Now I know why they get actors to read for audio books. I've always wanted to hear a King audio book read by King. I've always thought the writer would be the best reader because he or she wrote it; he knows where everything goes and how everything should be read. But after a while (Blood & Smoke is 3 1/2 hours long), King begins to sound like Casey Kasem. The stories are good. There are three, all involving smoking, which is supposed to be the glue for this package. All smoking-related stories, packaged in a tall thin box with a flip top like a pack of cigarettes. Cute marketing. But the smoking element of these stories could have been changed to just about anything and they wouldn't have suffered. In the end, it seems like someone had an idea to package some King stories and make them available only as audio books and someone else had a cool packaging idea, and they said to King, "Hey, can you work smoking into the stories somehow?" Is this package worth the £13.50 (cassette)? Sure, if you plan to listen to them over and over, but, honestly, who listens to an audio book more than, maybe, two or three times? If it's funny, like a George Carlin book, or if it's just so well done you can't help it, like Neil Gaiman's "Warning: Contains Language", then sure. But your average audio book (and this audio book is simply that, average), no. For one, it's too easy to get distracted. I mean, people listen to audio books because they don't have time to read, but if they're already busy with something else, they're not giving their mind the time or attention to form the pictures in their head a regular reading experience requires. The first story in this set, "Lunch at the Gotham Cafe," is an okay story, but it's got so much going during the climax, you really need to be able to read it, to see exactly what's going on. And writing in an accent is fine for some
people. But some people shouldn't try to duplicate the spoken accent themselves. In this story, Steve Davis has come home to find his wife has left him. Looks like he picked the wrong week to quit smoking. And things get worse when his wife's lawyer arranges a lunch in order to discuss the divorce. Somehow, the spot on the maitre'd's jacket at the Gotham Cafe looks a lot like dried blood. There isn't much else to say about this story. Next is "1408," the best of the bunch. A simple ghost story with enough dialogue, it's suited perfectly for an audio book. And this one is by far the most interesting; the only one I can see myself listening to over and over. In this one, Mike Enslin has made his money writing non-fiction books on ghosts. But he doesn't believe in them himself, until he tries to stay the night in room 1408 at the Dolphin Hotel, a room which hasn't been used in 20 years. Even the numbers of the room add up to 13. Last is "In the Deathroom," yet another short story that began as an interesting idea, but wasn't brought to complete fruition, and was put to paper before it was ready. This story is a scene in a longer novel, a simple series of events coming from one place, and leading to another. Fletcher is an American reporter being held in a South American "deathroom." His only means of escape comes when he's offered a final cigarette before death. I'm not saying don't buy Blood & Smoke. If you like audio books, go ahead. They haven't been published anywhere else.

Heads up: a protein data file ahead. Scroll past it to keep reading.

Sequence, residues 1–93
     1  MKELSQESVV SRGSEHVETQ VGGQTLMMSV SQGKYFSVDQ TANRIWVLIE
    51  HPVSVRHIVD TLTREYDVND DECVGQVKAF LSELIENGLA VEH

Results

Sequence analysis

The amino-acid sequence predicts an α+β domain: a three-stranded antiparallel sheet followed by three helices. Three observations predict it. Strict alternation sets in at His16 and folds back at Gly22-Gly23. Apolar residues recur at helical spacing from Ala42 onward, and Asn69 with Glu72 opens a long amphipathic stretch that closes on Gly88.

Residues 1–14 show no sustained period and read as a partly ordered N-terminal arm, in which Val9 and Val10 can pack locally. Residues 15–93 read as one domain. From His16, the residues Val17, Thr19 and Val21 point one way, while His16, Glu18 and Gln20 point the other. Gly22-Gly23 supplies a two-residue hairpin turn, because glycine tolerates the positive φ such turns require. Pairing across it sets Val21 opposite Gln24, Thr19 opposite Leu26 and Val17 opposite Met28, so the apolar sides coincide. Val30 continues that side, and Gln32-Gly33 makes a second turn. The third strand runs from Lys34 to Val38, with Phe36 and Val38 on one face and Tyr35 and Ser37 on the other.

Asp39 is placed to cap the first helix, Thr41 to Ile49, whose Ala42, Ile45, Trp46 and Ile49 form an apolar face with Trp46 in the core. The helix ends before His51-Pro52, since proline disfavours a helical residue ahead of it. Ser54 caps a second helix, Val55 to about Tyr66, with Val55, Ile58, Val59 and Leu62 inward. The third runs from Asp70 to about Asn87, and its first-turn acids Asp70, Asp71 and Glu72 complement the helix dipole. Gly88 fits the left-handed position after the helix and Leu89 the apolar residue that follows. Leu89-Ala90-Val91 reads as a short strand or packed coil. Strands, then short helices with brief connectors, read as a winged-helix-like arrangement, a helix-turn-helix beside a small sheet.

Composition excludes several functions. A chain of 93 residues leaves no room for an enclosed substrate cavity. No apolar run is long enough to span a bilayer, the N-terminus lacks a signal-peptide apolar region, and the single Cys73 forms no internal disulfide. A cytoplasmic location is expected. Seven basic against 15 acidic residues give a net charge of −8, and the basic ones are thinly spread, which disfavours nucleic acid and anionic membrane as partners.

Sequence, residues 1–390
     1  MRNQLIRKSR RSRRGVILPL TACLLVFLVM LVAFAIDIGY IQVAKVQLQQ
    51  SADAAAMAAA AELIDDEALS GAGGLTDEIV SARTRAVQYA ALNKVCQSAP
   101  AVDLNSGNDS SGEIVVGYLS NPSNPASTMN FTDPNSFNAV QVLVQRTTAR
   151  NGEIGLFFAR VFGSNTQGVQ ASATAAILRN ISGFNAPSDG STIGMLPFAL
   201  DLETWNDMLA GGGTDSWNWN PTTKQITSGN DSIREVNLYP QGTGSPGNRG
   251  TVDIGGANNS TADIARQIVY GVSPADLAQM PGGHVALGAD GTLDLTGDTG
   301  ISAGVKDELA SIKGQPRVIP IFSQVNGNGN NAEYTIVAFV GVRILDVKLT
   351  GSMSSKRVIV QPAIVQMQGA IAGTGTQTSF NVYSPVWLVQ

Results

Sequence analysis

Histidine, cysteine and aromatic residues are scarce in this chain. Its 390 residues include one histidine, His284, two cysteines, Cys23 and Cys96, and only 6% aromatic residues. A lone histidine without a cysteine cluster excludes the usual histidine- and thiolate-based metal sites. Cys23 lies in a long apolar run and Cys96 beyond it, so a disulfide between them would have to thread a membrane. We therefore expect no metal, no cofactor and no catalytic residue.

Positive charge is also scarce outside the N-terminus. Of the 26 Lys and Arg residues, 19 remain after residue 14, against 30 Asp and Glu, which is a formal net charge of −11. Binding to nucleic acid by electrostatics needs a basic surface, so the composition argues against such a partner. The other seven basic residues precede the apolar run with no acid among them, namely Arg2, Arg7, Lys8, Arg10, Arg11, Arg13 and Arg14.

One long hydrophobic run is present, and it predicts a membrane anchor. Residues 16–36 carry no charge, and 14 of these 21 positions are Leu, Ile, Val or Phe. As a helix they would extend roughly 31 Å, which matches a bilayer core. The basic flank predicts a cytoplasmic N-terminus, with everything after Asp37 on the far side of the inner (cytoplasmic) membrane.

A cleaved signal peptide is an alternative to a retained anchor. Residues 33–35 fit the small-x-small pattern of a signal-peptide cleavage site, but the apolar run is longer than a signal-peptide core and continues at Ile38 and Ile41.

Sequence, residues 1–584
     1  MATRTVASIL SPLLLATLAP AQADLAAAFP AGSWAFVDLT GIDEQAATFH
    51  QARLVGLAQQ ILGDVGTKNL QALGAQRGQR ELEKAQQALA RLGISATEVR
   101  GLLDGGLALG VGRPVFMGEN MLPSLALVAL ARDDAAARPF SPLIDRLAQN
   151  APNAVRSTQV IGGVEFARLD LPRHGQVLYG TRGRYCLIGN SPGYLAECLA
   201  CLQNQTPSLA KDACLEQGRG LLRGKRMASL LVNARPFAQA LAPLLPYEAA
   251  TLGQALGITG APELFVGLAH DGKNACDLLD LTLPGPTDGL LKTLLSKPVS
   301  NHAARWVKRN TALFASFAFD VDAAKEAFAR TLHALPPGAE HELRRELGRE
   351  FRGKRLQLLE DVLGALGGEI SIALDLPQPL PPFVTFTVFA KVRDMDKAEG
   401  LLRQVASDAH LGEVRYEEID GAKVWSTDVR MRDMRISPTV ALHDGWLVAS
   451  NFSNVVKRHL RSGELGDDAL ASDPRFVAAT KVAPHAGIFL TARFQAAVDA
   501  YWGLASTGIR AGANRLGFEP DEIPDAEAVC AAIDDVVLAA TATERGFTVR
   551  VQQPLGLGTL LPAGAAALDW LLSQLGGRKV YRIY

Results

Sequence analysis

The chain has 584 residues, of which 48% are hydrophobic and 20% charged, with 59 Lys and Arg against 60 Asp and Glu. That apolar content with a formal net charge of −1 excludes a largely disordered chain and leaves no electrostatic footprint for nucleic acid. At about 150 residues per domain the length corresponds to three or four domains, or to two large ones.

Stephen King has forced us to confront our greatest fears. He has guided us through the depths of our imagination to places we never would have ventured alone. Now, in Blood and Smoke, he takes us inside a world of yearning and paranoia, isolation and addiction. It is the world of the smoker. In this audio-only collection, the now politically incorrect habit plays a key role in the fates of three different men in three unabridged stories of unfiltered suspense. In Lunch at the Gotham Cafe, Steve Davis is suffering through intense withdrawal -- from both nicotine and his wife. His desperation for a cigarette and for his ex are almost too much to bear, but that's nothing compared to the horrors that await him at a trendy Manhattan restaurant. In 1408, Mike Enslin, bestselling author of "true" ghost stories, decides to spend the night in New York City's most haunted hotel room. But he must live to write about it without the help of his ex best-friends, his trusty smokes. And in In the Deathroom, a man named Fletcher is held captive in a South American stronghold. His captors will use any tortuous means necessary to extract the information they want from him. His only hope lies with his last request -- one last cigarette, please. A cartonfull of chills and thrills, Blood and Smoke is classic Stephen King.